Can government spending reach small businesses more efficiently?
Governments or similar structures are the largest spenders in any society. This spending should ideally be structured in such a way that the services and products procured by the government benefit the business community and thus play an important role in job creation. Small entrepreneurs are in some cases aware of this fact and sometimes try to make themselves available as possible providers.
This is an attempt by entrepreneurs to obtain large contracts that can contribute to the growth and sustainability of the business. This is not necessarily good news for small businesses as they have to compete with large companies that often focus on governments as their biggest clients. In today's world, many government processes are outsourced to private sector companies, and this is also true for government systems and materials.
One example is VFS Global, which processes visa applications for several countries. Another example is the government's use of banking institutions to expedite the issuance of identity documents. Some of these partnerships also involve sharing information with the private sector on security issues related to AML KYC regulations. Since the government is the largest custodian of citizen data, it is also a repository that can benefit private sector innovations that need large databases to work effectively.
So how can the government use its vast reach and capacity to help small businesses access their purchasing power? Here are a few ideas.
Training for government tenders
One of the bottlenecks that prevents small businesses from working with government is the administrative requirements that come with acquiring government contracts. Modern governments have tender systems that require ticking certain boxes, which often involves a lot of documentation. Gathering the various documents, which include company registration papers, permits and financial documents, can be tedious and discourage many small businesses from applying.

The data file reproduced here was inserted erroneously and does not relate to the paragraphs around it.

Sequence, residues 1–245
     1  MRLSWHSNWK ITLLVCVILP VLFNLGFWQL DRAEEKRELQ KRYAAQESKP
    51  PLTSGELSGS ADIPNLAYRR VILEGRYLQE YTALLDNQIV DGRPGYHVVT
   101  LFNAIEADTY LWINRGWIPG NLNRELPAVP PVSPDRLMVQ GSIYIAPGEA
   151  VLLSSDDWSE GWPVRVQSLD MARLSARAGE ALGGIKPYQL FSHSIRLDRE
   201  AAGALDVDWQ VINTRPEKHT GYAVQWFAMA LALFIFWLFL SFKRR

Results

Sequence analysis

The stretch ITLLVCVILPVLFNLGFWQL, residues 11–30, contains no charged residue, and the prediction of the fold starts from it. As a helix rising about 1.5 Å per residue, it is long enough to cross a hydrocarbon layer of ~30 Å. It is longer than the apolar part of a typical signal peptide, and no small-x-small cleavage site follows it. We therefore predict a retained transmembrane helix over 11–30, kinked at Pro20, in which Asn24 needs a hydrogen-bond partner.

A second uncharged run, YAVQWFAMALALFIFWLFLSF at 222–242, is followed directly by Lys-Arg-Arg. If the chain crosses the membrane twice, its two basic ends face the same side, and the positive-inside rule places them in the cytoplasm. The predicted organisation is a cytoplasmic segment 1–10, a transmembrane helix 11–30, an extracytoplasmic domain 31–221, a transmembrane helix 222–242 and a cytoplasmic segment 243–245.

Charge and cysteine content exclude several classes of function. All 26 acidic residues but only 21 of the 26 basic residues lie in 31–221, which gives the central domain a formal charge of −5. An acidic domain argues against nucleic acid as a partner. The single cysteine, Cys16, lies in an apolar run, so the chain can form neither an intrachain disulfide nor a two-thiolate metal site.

The requirements that small businesses must meet in order to negotiate with the government can also be complicated, as some of the requirements can be unclear and therefore incomplete or incorrect information will in most cases lead to the exclusion of a business from the tender. It is therefore necessary for governments to place special emphasis on educating small businesses in their processes and to be clear and transparent in doing so.
Communication in the tendering system
Another way governments procure goods and services is through a bidding system that calls for bidders. These systems are usually used at the municipal and departmental level when the amounts are below a certaisysten threshold. It is not easy to find out about such public sector tenders, as there are hardly any well-functioning central systems that provide all the information in one place. This is a disadvantage for entrepreneurs, who then have to scour the internet, jumping from one ministry website to another and to local government websites to find the right thing.
Some governments have tried to accomplish this feat with creations such as the UK Contractfinder, but as explained earlier, this is a daunting task that needs the full priority of government to make it easier for businesses to get information in an easier and practically more efficient way.
A simple yes
There is no doubt that governments could significantly improve the lives of small businesses, and this can be done through simple measures such as developing better communication strategies for small businesses. This is possible if the necessary attention is paid to these issues and legislators have a genuine interest in reaching out to them.